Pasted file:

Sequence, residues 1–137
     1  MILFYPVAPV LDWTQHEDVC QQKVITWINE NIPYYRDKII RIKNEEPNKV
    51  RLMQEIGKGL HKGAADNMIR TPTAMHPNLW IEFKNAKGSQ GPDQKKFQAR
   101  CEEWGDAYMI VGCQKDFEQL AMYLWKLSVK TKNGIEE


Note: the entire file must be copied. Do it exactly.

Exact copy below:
Sequence, residues 1–137
     1  MILFYPVAPV LDWTQHEDVC QQKVITWINE NIPYYRDKII RIKNEEPNKV
    51  RLMQEIGKGL HKGAADNMIR TPTAMHPNLW IEFKNAKGSQ GPDQKKFQAR
   101  CEEWGDAYMI VGCQKDFEQL AMYLWKLSVK TKNGIEE